Face representation using Gabor features has attracted considerable attention in computer vision, image processing, pattern recognition, and so on. The principal motivation to use Gabor filters is biological relevance that the receptive field profiles of neurons in the primary visual cortex of mammals are oriented and have characteristic spatial frequencies.

Gabor filters can exploit salient visual properties such as spatial localization, orientation selectivity, and spatial frequency characteristics [4].

The Gabor filter was first introduced by David Gabor in 1946 and was later shown as models of simple cell receptive fields. Since the Gabor features are extracted in local regions, they are less sensitive to variations of illumination, expression, and pose than the holistic features such as Eigenface and Randomface [1].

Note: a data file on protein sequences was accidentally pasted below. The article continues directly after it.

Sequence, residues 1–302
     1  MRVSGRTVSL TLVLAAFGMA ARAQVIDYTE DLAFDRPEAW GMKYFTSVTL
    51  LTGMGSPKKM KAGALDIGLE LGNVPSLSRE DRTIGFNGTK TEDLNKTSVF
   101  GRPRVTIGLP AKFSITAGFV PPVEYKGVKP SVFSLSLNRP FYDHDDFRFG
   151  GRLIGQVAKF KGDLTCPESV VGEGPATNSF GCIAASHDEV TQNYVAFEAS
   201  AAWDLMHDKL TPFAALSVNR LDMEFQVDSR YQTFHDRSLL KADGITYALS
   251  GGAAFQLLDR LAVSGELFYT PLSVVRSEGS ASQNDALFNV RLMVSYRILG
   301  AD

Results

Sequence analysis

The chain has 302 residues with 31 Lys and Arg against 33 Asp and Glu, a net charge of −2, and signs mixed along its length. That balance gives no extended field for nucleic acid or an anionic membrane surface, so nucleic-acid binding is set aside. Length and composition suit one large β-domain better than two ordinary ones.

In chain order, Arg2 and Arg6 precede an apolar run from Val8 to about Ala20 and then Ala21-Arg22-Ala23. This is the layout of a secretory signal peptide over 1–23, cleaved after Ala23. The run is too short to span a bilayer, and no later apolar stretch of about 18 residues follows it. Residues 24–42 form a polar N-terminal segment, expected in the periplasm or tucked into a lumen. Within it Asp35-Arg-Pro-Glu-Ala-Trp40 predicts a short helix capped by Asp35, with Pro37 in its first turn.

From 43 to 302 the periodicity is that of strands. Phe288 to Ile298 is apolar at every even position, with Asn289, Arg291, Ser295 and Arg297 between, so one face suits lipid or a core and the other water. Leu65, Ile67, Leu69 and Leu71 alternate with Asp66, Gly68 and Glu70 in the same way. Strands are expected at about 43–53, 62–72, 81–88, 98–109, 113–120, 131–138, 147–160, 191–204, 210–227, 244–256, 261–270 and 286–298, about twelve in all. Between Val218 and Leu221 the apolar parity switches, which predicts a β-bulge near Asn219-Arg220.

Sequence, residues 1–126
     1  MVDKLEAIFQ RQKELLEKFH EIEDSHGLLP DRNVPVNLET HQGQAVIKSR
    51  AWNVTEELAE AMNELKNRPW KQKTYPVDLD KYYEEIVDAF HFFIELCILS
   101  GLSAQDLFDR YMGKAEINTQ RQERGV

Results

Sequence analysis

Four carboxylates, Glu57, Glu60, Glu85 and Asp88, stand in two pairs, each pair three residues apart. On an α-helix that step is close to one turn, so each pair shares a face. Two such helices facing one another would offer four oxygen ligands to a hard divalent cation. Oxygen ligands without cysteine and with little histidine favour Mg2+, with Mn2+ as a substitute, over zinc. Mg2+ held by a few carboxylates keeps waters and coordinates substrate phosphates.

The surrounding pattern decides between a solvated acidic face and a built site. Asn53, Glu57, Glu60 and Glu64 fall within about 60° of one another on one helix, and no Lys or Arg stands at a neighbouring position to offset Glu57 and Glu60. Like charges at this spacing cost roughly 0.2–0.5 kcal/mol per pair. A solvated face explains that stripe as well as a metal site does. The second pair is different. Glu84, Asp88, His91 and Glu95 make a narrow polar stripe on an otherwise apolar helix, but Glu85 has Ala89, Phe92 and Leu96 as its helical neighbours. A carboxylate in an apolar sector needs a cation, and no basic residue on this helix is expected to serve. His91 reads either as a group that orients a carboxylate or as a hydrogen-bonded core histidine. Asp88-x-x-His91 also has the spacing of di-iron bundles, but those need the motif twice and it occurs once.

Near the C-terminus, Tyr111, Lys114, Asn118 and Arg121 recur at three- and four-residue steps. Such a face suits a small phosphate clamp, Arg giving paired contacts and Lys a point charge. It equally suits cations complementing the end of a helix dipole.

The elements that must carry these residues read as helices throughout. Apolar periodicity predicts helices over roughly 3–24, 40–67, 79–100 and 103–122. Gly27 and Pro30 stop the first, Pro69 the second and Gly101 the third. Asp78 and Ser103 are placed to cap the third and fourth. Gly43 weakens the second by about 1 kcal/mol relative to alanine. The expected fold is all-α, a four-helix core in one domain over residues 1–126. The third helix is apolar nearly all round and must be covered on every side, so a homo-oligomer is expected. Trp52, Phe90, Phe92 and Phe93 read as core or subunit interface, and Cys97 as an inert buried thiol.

Face recognition using Gabor filters was firstly introduced by Yang and Zhang and soon proved to be a very effective means in human facial features extraction [1].

We are interested in our work to develop a recognition system using Gabor filters and discrete wavelet transform as feature extraction. A multilayer perceptron (MLP) and radial basis function (RBF) neural network classifier are used to classify an individual from two face databases: the ORL and computer vision databases. Figure 1 describes our system.

Figure 1: An overview of face recognition system.

We investigate then the best way to characterize the facial images; efficiency is evaluated by computing recognition rate (RR%) for each parameterization and classifier.

The paper is presented as follows: Section 2 presents the face characterization using Gabor filters and discrete wavelet transform DWT, Section 3 presents simulation results, and conclusion is drawn in Section 5.

2. Feature Face Extraction and Face Parameterization